A team of Harvard Kennedy School students that founded an international social development organization has won the 2012 Accenture Public Service Innovation Award at the Harvard Innovation Challenge. The award is intended to encourage Harvard students to “apply their creative energy to solve pressing public sector challenges and to foster the next generation of government solutions and leaders.”Michael Belinsky, David Bullon, Michael Eddy, Avnish Gungadurdoss, and Madalina Pruna were honored for their vision in creating Instiglio, an organization designed to help governments apply social impact bonds to developing countries. Social impact bonds are a relatively new concept that facilitates private investment for the provision of public services. This concept is being piloted in England and has received initial support in the U.S., but has not yet caught on in developing countries.“We founded Instiglio with the mission of empowering societies to discover, adopt and scale innovative solutions to social problems,” said Belinsky. “Our team united over an opportunity to improve drastically the delivery of social services in developing countries by adapting the social impact bond model to emerging markets. We are thrilled to combine our Kennedy school training and our development world experience (our team has collectively worked in over 20 countries) to durably improve social service delivery. ”Rey Faustino was awarded honorable mention for his education nonprofit, OneDegree. Read Full Story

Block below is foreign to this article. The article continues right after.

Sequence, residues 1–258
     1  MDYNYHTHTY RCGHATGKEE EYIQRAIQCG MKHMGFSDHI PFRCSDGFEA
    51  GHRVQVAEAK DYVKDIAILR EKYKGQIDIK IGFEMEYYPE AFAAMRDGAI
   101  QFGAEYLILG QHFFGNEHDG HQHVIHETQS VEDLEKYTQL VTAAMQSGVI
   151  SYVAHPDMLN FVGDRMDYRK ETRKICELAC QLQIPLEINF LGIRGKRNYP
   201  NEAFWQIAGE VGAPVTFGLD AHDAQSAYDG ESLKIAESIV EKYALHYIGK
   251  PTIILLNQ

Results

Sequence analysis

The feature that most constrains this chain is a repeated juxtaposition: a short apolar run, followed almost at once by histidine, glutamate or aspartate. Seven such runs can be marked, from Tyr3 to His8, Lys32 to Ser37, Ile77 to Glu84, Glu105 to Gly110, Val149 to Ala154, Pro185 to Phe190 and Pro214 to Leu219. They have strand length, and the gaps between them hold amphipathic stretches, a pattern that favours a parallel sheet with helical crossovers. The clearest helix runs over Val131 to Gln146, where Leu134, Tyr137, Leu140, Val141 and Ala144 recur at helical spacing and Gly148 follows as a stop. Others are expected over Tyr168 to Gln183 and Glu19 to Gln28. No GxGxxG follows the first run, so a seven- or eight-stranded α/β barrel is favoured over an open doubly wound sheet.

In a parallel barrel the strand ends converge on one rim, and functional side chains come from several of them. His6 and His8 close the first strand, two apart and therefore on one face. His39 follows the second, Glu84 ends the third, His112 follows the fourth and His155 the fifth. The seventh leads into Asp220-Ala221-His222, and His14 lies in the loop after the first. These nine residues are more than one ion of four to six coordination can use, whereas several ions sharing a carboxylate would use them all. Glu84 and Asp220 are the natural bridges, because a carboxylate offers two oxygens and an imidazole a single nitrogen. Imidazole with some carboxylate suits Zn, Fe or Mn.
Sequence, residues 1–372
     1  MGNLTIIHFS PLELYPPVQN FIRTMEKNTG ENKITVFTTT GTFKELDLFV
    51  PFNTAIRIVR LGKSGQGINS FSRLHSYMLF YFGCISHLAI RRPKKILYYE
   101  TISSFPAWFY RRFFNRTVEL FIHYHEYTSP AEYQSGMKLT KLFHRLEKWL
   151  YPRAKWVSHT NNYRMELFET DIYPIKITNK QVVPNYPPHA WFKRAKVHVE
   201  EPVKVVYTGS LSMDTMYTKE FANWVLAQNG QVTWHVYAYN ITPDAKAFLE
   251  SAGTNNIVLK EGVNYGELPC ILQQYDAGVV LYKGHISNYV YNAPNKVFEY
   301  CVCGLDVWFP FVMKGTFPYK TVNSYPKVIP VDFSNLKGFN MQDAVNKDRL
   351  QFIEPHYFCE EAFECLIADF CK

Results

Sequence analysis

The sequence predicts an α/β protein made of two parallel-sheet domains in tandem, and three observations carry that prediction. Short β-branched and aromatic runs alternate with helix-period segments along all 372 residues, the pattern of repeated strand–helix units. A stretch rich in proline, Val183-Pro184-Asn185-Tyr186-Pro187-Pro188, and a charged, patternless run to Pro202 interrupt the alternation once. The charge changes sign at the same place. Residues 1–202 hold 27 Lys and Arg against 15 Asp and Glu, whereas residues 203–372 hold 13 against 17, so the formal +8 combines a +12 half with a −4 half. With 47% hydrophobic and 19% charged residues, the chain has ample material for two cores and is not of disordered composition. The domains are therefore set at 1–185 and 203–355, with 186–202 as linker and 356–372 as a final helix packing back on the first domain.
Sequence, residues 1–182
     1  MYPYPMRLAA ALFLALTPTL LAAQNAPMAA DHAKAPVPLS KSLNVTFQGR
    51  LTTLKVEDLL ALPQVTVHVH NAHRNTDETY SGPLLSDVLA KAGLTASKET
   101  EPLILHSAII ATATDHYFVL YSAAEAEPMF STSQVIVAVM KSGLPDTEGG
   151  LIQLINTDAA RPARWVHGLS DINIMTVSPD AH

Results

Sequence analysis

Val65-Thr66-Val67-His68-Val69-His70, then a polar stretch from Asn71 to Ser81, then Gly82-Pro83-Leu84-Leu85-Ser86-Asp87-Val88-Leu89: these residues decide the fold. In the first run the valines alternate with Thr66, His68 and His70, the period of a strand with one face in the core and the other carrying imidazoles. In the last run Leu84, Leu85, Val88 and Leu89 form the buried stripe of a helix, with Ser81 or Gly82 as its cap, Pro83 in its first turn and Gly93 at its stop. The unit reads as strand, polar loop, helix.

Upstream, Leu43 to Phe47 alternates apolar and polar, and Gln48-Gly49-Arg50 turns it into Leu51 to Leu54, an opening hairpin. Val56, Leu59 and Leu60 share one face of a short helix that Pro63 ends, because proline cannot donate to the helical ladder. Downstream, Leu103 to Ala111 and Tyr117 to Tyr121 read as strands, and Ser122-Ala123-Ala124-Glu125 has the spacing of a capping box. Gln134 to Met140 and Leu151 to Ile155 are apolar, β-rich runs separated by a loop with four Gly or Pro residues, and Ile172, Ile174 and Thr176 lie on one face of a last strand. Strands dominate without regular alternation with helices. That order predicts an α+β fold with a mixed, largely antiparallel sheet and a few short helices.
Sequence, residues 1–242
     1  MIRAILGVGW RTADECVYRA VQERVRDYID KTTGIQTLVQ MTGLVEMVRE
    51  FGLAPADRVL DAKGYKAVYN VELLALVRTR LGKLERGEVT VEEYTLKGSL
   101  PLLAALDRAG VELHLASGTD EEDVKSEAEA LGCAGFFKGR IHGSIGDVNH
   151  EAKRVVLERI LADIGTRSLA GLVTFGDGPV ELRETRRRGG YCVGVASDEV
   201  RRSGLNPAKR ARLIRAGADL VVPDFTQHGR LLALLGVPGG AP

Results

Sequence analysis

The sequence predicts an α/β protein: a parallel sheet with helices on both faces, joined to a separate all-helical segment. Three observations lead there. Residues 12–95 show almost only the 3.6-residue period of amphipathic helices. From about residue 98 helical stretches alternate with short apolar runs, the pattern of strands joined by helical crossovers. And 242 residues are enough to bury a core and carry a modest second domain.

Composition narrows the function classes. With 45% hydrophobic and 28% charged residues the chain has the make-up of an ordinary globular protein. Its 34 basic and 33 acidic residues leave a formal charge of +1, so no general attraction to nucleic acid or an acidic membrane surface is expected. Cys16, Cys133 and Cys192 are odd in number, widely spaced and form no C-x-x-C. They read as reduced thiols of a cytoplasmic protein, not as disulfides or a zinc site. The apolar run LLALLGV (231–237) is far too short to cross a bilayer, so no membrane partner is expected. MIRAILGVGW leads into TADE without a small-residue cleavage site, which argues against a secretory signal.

November 1, 2002 Jan Pudlow Associate Editor Regular News Program aims to provide foster kids with life experiences Associate EditorHere’s the harsh reality: Some kids in Miami live in neighborhoods so dangerous that they spend entire summers locked behind doors watching TV instead of frisking playfully outside.Many foster children have never known the fun of summer camp or field trips to attractions like the Miami Seaquarium, the Miami Museum of Science, the Miami MetroZoo, or just going bowling, painting ceramics, or swimming.Norman Gerstein, an 11th Judicial Circuit judge and father of two boys, 4 and 8, decided to change that and give a few kids the experiences his own sons enjoy.Inspired by their own children, Judge Gerstein and his wife, Jackie, general counsel for Children’s Home Society, reached into their pockets to send eight foster children to camp at Temple Judea.That kind gesture in 1999 has blossomed into a nonprofit program called Summer Fun for Kids that reached more than 100 children this past summer. Next year, the hope is to double the fun for 200 kids. The grand scheme is to replicate the program throughout the state, through help from the Children’s Home Society.“What gave me the idea was my own children, unquestionably,” Judge Gerstein said. “Even though I represented kids when I was a lawyer, I realized for the first time when I was a parent how much help kids need, how much time they need.”Jackie Gerstein echoed that thought: “The idea started in having children and realizing how important it is to expose them to different things early on, and realizing kids in foster care wouldn’t have those opportunities. Once we became parents, our whole outlook and perspective became different. When our son started summer camp and we saw how much he enjoyed it, we thought: ‘Every child should have this experience.’”The Gersteins enlisted help from a few lawyer friends who make up the Summer Fun for Kids board of directors: Clay Roberts, Kevin Kaplan, and Patrick Knight. Their combined efforts raise money, make sure dollars go directly to helping kids, and take care of administrative paperwork as a 501c3 charitable not-for-profit organization.“It’s an opportunity for us as lawyers to give something back to our community in a way that helps out foster kids who really need help,” said Kaplan, father of three sons, ages 6, 4, and a baby born September 11.“It’s really a grassroots organization. We operate on a small and efficient budget, with essentially no administrative costs. We make telephone calls and send letters to raise money,” said Kaplan, whose law firm Aragon Martin, et al., donated money. “Who can say ‘no’ to this?”Knight, a lawyer with Kubicki Draper and president of the Coconut Grove Jaycees, is a bachelor with no children, but his group of 254 young professionals jumped at the chance to adopt Summer Fun for Kids as one of their “summer-long feel-good projects.”Knight found lawyer members to help with setting up the charity and IRS paperwork.“My members like to have hands-on activities. We worked with the Children’s Home Society organizing field trips to places like the Seaquarium. My members wanted to tag along. A couple of my members are certified rock climbers and took the kids rock-climbing and to the zoo,” Knight said, adding that Jaycees member Sonny Valladares “called 100 places to set up field trips,” and lawyer Annie Hernandez chaired the project and lawyer Anita Figueroa assisted.When Roberts visited the last day of camp, the smiles on the kids’ faces validated his decision to volunteer time with Summer Fun for Kids.“It was great to see kids just being kids, kids who haven’t had a lot of breaks in life having fun and running around. What could be better than seeing kids having fun?”Roberts, who has five children—ages 1, 3, 5, 8, and 10—added: “If it wasn’t for this Summer Fun for Kids, they would just spend the summer sitting at home bored. This gives them an outlet and a way to socialize with other children, being outside and being active.”One of the many benefits of the program, Judge Gerstein said, is that foster kids are “mainstreamed” with children who don’t come from dysfunctional homes.“They learn as much from other children as the program themselves. They learn about attitudes, about kids who did not grow up in foster care,” Judge Gerstein said.“We threw a picnic for the South Miami kids,” of what he called a “tremendous” effort by the City of South Miami to take 60 children in its summer camps at Murray and Palmer parks at reduced rates.“And I was amazed at how much fun they were having. After all, people think of them as children with problems in foster care, kids who came through the Department of Children & Families with all these issues. When you see them, they are just children who love to have a good time, who love to learn.”Who knows, the judge wonders, what seeds are planted in children with broadened positive experiences through Summer Fun for Kids?“Maybe the child who visits the Seaquarium will grow up to be a naturalist,” Judge Gerstein said. “Maybe the child who goes to camp will become a sports enthusiast.”Already, they know the impact has been positive.“What we hear, in general, is that the kids come home from camp happy and tired, which is a good thing,” said Jackie Gerstein. “They make new friends and have a lot less difficulty at home.”As Judge Gerstein said: “I know if every other person would go out of their way to do good deeds, our world would be a far better place. Each one of us can make a huge difference in a child’s life.” For more information about Summer Fun for Kids, call 305-447-2800, e-mail: firstname.lastname@example.org, or write to P.O. Box 010563, Miami 33101. Program aims to provide foster kids with life experiences